Symptoms of pulmonary fibrosis vary from one patient to the next. Symptoms most commonly develop over time and progressively become worse. Some patients may notice symptoms that worsen very quickly, while others may notice less severe symptoms that progress over a much longer period of time. Symptoms also are at least partially dependent on the cause of the fibrosis.
The symptoms of pulmonary fibrosis include:
- Shortness of breath, particularly during exercise
- Dry, hacking cough
- Fast, shallow breathing
- Gradual unintended weight loss
- Aching joints and muscles
- Clubbing (widening and rounding of the tips of the fingers or toes)
Causes and Risk Factors
Pulmonary fibrosis is associated with many conditions, but in most cases, the cause is never found. When this is the case, the condition is known as idiopathic pulmonary fibrosis. There are several theories being researched as to what might trigger idiopathic pulmonary fibrosis, including viruses and exposure to tobacco smoke. There are also types of idiopathic pulmonary fibrosis that appear to be hereditary, so there is likely a genetic component to the disorder.
Causes known to be associated with pulmonary fibrosis:
- Occupational and environmental factors, including long-term exposure to silica dust, asbestos fibers, grain dust, bird and animal droppings.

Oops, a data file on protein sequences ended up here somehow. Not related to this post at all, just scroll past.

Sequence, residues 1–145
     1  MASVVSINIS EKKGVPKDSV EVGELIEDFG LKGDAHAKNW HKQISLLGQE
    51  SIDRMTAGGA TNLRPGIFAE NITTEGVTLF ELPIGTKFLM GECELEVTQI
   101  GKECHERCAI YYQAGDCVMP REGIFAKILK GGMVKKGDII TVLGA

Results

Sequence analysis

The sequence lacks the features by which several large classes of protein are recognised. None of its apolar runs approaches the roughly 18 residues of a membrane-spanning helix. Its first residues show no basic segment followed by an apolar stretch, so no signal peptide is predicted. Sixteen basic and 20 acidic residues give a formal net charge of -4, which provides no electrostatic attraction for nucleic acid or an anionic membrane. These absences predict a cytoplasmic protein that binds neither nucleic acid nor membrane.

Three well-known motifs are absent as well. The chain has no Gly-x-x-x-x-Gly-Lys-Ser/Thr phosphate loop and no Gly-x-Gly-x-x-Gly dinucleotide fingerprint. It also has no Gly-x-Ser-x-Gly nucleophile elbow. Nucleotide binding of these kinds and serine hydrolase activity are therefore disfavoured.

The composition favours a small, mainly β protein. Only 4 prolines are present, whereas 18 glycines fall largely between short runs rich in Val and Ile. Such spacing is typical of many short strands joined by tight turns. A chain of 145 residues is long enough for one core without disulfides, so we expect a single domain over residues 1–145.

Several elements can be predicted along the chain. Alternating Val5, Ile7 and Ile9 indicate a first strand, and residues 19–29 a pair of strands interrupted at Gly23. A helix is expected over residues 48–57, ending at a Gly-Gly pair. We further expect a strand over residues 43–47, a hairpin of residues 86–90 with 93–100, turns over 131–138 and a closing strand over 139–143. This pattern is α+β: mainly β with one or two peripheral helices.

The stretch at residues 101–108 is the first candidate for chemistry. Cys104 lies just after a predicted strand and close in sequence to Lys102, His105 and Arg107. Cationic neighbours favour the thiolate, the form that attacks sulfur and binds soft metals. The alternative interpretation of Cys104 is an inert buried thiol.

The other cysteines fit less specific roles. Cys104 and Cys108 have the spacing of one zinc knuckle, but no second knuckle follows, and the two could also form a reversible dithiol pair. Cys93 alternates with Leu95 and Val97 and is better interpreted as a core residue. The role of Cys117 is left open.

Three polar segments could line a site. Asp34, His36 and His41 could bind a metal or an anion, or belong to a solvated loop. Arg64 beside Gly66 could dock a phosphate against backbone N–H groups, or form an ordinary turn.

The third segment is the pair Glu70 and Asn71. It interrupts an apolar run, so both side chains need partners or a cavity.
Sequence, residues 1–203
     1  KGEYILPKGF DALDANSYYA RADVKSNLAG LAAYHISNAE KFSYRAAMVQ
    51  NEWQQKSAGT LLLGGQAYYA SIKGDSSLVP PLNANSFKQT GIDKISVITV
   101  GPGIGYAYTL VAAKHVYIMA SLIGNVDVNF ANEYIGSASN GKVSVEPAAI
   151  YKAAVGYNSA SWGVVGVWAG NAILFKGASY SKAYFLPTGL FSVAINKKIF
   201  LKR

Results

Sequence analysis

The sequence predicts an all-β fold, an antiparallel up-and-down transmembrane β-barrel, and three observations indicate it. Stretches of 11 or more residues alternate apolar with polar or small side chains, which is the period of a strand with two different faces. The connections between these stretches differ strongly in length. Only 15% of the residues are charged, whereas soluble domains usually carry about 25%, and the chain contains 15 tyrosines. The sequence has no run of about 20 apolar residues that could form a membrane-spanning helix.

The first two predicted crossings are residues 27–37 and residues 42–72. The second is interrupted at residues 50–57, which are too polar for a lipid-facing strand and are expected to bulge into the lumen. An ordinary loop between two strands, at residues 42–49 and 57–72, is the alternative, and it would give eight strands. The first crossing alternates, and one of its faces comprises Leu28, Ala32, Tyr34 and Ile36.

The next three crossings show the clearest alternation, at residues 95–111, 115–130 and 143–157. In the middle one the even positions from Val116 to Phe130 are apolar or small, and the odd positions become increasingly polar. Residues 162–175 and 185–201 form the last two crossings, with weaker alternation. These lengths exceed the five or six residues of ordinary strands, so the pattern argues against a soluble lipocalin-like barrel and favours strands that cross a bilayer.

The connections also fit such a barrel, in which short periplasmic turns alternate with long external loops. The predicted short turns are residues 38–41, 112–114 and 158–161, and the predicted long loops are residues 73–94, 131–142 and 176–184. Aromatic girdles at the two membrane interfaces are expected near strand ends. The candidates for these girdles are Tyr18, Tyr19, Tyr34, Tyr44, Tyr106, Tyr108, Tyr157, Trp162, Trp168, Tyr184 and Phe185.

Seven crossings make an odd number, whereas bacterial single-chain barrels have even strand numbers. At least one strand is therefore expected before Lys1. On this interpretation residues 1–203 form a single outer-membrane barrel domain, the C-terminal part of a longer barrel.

- Radiation treatments, after which damage can appear months or years after initial treatment. Severity of damage depends on how much of the lung was exposed to radiation, total amount of radiation administered, whether chemotherapy also was used, presence of underlying lung disease.
- Medications, including chemotherapy drugs such as methotrexate and cyclophosphamide, some drugs used to treat irregular heartbeats such as amiodarone or propranolol, some antibiotics such as nitrofurantoin and sulfasalazine.
- Medical conditions, including systemic lupus erythematosus, rheumatoid arthritis, sarcoidosis or scleroderma.
Although the condition has been found in children and infants, it is much more likely to affect middle-aged and older adults, particularly those with a history of smoking. People who work in mining, farming or other occupations that regularly expose them to pollutants are also more susceptible to pulmonary fibrosis.